Before embarking on this “project,” David consulted all the military men and leaders in Israel about bringing the ark back to Jerusalem. Then he discussed with the people (1 Chr 13:1–2). When everybody agreed with the idea, David proceeded with his plan. In contrast, David had often inquired of God for instructions before he became the king of Israel (1 Sam 23:2, 4; 30:8; 2 Sam 5:19, 23). It is therefore surprising that David not only forgot to consult the priests but also forgot to inquire of God, especially in this work that was directly related to God.

On the appointed day, many people came to accompany God's ark from Kirjath Jearim to Jerusalem (1 Chr 13:3–6). In fact, David gathered thirty thousand choice men for this occasion (2 Sam 6:1) and created such pomp that his own glory surpassed the glory of God.

The problem was that David cared very much about men’s opinion and used a very democratic way to find a consensus among the people; however, he didn’t respect or care about God’s law or commandments. If we want to serve God, it is not enough to love God. We have to know God’s law; God wants us to serve Him according to His way. Therefore, in all things, we have to seek first the “good and acceptable and perfect will of God” (Rom 12:2).

The Price of Service that Displeases God

After they had arrived at Abinadab’s house, they set the ark on a new cart (similar to the Philistines' way) and appointed Uzzah and Ahio to drive the cart (1 Chr 13:7). But when the oxen stumbled and Uzzah touched the ark to support it, God's wrath was aroused. As a result Uzzah was struck to death and David became afraid to bring the ark to Jerusalem; the blessings that were originally to come upon the whole nation were only given to the household of Obed Edom (1 Chr 13:9–14). What had made God so angry?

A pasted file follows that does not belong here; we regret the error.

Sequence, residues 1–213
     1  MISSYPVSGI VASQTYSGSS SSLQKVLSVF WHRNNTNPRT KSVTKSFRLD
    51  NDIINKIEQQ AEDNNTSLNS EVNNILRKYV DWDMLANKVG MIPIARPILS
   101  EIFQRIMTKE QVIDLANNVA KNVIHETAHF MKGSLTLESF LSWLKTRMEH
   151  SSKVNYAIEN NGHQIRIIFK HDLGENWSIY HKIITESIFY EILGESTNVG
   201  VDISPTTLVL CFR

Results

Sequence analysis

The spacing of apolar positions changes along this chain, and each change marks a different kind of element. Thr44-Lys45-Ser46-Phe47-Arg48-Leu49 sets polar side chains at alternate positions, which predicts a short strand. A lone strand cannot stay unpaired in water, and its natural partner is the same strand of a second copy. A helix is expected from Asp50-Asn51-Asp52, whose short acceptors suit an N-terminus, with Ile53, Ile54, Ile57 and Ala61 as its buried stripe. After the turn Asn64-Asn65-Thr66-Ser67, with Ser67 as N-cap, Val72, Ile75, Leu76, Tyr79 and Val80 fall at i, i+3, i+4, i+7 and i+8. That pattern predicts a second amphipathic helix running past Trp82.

If we look into Numbers, we will notice that God had originally prescribed a very different way to handle the ark. He especially appointed the sons of Kohath from among the Levites to carry the things that are in the tent of meeting. As a rule, Aaron and his sons had to cover all the holy items, including the ark, before the Kohatites could carry them. If the Kohatites looked at any of the holy things or the ark while they were not covered or if they touched them, they had to die (Num 4:15,18–20).